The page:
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Thailand: Break Silence On Rights Ahead Elections

Thailand: Break Silence on Rights Ahead of Elections

In the run-up to Thailand's general elections, political parties and candidates have failed to make human rights a campaign issue despite the country's many pressing rights concerns, Human Rights Watch said today. The elections are scheduled for December 23.

"It's not a matter of human rights taking a backseat in the Thai elections, they are simply not even present," said Brad Adams, Asia director at Human Rights Watch. "This pivotal election makes it more critical than ever for Thai political parties to put forward an agenda for ending abuses and impunity."

Human rights in Thailand have eroded steadily as a result of repressive policies by the government of former Prime Minister Thaksin Shinawatra (2001-2006) and the military junta in place since the September 2006 coup. Thousands of extrajudicial killings connected to the government's anti-drugs and counterinsurgency operations remain unresolved. Human rights defenders have been murdered and "disappeared" without a single successful prosecution of the perpetrators.

In the restive southern border provinces, the government's continuing failure to uphold justice - despite clear evidence of official involvement in abuses in the Krue Se and Tak Bai incidents - now is the main justification given by separatist militants for violent attacks, which have claimed nearly 3,000 lives over the past four years. Government interference in media has led to censorship in many newsrooms, both enforced and self-imposed, which helps keep reports of abuses by the security forces from public discussion and scrutiny.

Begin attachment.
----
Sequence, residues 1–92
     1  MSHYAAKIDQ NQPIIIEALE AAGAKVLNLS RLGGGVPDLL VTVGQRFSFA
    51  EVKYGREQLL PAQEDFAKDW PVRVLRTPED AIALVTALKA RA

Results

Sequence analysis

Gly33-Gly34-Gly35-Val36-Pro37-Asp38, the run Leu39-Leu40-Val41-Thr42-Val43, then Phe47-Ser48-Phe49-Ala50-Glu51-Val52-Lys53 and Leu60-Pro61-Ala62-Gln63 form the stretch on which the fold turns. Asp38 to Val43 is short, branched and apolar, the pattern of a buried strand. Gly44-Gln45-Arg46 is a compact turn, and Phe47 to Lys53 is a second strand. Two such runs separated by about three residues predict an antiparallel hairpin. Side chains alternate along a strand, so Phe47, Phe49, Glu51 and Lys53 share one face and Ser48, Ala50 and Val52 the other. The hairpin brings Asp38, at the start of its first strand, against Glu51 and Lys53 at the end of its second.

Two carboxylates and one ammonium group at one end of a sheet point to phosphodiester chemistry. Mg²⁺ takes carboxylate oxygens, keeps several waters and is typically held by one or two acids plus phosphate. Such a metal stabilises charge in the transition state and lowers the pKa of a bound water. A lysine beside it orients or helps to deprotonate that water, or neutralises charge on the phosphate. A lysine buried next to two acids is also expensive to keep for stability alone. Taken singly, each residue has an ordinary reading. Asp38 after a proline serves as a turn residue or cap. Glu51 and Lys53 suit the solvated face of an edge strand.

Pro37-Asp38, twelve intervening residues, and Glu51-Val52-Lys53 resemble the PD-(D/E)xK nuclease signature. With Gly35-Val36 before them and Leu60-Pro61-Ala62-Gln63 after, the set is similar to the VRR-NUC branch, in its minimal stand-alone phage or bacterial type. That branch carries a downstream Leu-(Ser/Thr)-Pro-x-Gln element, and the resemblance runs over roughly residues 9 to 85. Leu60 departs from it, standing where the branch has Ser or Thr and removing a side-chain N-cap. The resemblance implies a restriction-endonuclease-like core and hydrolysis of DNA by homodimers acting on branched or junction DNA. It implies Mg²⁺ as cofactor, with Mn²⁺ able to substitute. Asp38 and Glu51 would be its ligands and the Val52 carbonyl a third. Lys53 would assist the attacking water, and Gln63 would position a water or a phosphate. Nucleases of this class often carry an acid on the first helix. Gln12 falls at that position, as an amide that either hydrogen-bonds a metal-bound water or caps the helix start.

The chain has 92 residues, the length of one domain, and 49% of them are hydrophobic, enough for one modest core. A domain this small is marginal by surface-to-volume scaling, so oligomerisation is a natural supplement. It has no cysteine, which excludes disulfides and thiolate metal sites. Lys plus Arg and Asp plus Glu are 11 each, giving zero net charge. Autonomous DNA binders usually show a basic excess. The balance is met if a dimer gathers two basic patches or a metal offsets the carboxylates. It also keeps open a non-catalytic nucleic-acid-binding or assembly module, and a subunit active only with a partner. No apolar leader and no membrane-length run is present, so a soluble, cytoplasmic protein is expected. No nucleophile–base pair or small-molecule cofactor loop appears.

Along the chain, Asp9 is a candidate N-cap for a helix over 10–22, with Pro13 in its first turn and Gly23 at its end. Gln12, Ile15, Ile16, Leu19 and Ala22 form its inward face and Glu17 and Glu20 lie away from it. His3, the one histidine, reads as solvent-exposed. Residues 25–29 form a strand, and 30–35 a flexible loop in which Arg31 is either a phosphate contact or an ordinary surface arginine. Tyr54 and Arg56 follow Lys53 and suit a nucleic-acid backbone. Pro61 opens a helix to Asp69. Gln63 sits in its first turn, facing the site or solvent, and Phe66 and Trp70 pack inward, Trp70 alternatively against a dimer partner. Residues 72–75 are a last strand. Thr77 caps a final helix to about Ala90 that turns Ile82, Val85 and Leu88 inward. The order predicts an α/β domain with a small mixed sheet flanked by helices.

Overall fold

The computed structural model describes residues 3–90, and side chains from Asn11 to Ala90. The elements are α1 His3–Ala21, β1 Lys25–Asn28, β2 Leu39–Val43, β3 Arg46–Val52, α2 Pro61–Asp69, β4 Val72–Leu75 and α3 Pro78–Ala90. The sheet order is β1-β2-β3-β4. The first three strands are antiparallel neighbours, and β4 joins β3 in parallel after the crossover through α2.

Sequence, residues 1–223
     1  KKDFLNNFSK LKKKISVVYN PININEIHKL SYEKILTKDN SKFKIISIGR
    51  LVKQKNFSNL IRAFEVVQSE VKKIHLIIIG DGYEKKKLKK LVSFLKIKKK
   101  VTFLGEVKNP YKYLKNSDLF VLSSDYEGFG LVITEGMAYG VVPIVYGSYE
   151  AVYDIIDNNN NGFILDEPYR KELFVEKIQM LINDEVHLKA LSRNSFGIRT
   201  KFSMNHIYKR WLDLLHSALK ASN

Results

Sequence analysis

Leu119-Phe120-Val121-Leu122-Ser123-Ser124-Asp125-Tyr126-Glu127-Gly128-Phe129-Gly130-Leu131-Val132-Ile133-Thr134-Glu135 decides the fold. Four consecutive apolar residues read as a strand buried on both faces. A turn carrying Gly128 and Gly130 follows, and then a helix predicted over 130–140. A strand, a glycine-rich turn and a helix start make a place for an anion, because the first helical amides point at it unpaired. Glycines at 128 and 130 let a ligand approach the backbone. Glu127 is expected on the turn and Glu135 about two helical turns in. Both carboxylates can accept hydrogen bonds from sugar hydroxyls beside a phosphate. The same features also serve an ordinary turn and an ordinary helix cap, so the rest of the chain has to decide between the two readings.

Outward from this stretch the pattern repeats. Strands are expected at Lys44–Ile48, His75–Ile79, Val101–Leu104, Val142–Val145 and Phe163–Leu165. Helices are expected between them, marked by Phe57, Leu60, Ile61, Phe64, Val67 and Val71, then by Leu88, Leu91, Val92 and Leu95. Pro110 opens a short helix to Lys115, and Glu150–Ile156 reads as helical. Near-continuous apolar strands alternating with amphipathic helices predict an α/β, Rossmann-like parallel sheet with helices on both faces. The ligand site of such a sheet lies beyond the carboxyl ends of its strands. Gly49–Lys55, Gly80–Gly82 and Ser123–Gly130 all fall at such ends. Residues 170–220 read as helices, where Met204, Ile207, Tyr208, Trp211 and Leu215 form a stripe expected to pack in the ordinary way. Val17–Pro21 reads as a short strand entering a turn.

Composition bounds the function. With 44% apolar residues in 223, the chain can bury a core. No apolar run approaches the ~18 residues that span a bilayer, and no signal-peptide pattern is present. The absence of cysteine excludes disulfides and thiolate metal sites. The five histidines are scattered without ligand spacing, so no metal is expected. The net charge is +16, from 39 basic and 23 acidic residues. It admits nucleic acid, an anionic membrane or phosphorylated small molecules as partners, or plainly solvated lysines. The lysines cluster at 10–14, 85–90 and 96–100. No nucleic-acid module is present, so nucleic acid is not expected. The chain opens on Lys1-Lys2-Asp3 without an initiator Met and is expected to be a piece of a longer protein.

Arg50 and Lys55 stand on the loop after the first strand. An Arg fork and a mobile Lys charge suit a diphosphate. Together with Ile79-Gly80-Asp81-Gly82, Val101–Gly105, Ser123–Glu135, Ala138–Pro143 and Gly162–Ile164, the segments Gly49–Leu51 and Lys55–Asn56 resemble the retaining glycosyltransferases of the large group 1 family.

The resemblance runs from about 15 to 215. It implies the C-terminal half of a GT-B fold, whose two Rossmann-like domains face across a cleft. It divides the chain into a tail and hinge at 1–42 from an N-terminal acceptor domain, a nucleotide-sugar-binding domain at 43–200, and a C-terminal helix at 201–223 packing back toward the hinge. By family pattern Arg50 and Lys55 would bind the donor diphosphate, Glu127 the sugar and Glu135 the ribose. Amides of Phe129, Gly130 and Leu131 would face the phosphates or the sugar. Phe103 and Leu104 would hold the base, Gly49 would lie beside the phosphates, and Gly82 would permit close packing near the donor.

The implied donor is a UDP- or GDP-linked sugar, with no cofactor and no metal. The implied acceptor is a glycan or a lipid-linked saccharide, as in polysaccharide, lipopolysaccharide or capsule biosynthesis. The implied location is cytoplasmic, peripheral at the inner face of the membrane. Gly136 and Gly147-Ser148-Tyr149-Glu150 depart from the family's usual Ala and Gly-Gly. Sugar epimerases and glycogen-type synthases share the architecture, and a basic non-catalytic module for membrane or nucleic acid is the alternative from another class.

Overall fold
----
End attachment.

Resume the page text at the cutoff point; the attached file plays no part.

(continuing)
"While speaking about the need for political reform, parties have failed miserably to present any plan on how to reverse the continuing attacks on basic rights, especially the proposed new internal security law that would make elections meaningless," said Adams.

The military junta in place since the coup, now called the Council for National Security (CNS), has sought to establish itself as the foremost governing body in Thailand at the expense of civilian administration. One example of this is a new bill on national security, the Draft Act on the Maintenance of National Security in the Kingdom, which passed its first parliamentary reading with 101 to 20 votes on November 11, and now is being reviewed for the second and third readings.

If enacted, this law would give the Internal Security Operations Command (ISOC) - under the control of the prime minister - extensive emergency-style powers to restrict fundamental rights and override civilian administration and due process of law in parts of Thailand or the whole country at any time. No declaration of a state of emergency, or accountability to the parliament and the courts, would be required. In practice, this law would enable the military to dictate government policy easily and silently, and would also shield from prosecution those who violate human rights under its provisions.